Organizations who start out on an IT self-service initiative with a focus on reducing IT costs usually find that costs go up.
Because when a self-service portal is built to reduce transaction costs for IT, it isn't built to optimize the experience for the IT customer. And if the IT customer doesn't get an experience that is better and faster than calling or emailing the service desk, they will continue to call or email the service desk. Costs go up because the service desk is still fielding the same number of calls, and you've spent time and money building a self-service portal that nobody is using.
In a nutshell: Managing from a pure cost perspective, increases costs.
The Return on Investment (ROI) of a self-service portal—like any other digital technology—relies on adoption. People need to use it, or the intended benefits will never materialize:
Volume of calls to the service desk remain high
IT remains in fire-fighting mode
IT people have no time to pursue transformative service improvement and automation projects
For a self-service portal to succeed, it is absolutely critical to focus on value (an ITIL 4 principle), not cost. The value proposition for the IT customer should be clear: Get what you need here, faster than waiting in a call queue. If your self-service portal can't deliver on that promise IT customers may try it out, but it won't enjoy the sustained adoption that you're looking for.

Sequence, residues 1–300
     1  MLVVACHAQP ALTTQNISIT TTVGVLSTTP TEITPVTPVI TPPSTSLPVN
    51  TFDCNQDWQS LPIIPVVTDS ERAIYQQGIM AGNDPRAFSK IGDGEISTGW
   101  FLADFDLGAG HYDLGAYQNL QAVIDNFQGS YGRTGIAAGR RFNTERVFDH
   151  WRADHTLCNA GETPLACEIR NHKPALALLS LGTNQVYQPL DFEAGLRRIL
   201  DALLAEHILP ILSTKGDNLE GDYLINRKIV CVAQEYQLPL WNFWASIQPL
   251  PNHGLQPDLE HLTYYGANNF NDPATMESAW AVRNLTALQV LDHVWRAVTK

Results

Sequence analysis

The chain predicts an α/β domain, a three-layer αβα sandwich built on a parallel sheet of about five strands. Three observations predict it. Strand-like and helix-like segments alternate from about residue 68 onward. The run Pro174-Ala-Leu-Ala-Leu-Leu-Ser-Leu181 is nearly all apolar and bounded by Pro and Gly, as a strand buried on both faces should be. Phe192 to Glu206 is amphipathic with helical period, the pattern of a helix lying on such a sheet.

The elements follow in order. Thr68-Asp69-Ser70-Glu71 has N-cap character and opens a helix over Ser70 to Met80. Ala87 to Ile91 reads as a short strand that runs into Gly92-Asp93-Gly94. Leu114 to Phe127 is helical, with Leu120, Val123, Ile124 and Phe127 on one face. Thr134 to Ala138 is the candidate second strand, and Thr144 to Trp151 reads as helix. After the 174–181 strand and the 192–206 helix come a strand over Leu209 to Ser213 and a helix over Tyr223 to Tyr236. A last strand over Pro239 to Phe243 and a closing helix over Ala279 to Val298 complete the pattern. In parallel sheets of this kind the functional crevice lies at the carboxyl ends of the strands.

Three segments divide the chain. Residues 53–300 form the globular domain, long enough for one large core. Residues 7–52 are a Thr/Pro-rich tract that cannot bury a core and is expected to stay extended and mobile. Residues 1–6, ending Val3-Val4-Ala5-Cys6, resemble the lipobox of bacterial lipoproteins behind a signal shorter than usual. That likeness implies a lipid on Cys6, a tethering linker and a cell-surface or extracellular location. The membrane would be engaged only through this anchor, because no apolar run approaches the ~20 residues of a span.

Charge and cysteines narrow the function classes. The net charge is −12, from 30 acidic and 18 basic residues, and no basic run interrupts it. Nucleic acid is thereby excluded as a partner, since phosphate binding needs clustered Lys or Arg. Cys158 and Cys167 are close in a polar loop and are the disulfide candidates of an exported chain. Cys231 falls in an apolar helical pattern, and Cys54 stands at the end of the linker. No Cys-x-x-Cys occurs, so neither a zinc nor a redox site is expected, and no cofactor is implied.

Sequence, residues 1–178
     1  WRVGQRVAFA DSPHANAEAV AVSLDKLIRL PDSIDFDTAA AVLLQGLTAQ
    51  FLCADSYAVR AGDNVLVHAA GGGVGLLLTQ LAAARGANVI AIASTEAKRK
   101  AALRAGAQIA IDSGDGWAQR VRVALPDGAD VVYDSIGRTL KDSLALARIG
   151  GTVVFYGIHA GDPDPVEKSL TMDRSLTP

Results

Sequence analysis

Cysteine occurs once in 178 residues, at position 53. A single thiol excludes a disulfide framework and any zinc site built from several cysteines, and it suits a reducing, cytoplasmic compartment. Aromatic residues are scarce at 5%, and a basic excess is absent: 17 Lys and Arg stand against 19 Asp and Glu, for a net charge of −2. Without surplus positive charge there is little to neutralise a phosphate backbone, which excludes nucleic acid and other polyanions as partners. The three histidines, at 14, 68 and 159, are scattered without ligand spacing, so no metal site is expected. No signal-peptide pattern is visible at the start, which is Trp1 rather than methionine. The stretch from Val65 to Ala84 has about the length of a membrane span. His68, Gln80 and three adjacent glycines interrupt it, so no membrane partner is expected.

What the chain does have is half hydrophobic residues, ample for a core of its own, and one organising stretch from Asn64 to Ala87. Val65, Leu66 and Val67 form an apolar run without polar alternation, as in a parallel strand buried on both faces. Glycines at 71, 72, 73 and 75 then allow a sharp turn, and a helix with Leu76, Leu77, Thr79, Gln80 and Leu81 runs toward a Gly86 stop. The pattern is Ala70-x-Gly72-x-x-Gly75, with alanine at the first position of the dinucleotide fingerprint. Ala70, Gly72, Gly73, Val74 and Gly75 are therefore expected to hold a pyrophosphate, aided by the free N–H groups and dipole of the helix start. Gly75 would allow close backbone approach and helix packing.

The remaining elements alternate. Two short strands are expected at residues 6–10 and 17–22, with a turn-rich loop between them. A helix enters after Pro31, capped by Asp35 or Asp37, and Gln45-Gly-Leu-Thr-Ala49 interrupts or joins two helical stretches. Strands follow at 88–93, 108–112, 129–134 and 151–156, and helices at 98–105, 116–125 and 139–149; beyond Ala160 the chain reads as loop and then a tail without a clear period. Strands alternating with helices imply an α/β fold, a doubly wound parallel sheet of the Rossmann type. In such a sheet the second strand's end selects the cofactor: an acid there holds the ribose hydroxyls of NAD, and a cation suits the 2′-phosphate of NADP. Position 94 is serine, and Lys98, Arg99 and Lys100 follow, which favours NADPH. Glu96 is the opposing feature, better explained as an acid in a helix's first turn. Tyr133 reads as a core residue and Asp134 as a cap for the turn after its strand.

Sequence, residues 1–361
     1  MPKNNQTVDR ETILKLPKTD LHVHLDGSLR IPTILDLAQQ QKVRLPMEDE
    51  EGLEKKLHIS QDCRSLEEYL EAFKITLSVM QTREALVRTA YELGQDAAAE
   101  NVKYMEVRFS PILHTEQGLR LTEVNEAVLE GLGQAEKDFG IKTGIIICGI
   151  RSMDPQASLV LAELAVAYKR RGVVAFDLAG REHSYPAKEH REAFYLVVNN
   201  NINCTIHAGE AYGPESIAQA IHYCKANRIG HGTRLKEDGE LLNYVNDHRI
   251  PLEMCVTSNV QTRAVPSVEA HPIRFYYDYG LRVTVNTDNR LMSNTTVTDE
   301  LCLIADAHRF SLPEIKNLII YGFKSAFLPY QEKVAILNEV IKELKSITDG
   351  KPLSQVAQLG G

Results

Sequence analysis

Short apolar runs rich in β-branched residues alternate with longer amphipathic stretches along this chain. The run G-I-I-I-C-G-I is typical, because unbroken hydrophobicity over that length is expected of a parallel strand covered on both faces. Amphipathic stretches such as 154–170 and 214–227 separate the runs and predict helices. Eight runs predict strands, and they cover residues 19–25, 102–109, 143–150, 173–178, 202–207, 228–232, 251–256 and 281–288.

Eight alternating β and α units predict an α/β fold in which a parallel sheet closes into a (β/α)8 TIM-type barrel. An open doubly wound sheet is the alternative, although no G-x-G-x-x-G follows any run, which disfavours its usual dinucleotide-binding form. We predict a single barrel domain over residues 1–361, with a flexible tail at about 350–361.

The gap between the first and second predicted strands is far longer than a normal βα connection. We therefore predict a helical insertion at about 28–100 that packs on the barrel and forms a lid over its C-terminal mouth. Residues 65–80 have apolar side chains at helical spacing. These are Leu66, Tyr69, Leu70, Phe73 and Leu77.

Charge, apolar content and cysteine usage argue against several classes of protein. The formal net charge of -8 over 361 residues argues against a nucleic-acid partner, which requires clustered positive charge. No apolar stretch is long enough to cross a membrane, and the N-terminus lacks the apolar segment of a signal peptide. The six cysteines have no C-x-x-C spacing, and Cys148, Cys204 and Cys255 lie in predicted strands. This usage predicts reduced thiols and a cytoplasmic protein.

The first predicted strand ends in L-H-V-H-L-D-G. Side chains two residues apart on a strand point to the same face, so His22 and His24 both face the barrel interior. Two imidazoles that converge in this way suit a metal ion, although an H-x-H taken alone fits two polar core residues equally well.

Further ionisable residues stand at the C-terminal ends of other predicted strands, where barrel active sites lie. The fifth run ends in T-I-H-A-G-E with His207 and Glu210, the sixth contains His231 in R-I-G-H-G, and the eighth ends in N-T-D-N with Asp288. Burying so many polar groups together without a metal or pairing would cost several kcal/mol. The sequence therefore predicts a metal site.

A self-service portal needs to be the line of least resistance for a user. It needs to be low effort. Frictionless. If they hit a friction point that is preventing them from getting the help they need, they will quickly resort to default behavior—calling the service desk—and the value of the self-service channel is lost.
This is why it is so important to work with your end user community to understand their needs and expectations; to co-create (another ITIL 4 concept) a portal which balances out value for the IT customer against efficiencies for IT operations.
If you offer them something you know they want (because you've asked them what they want) they will use it—and self-divert traffic from your phone and email channels to web and mobile channels.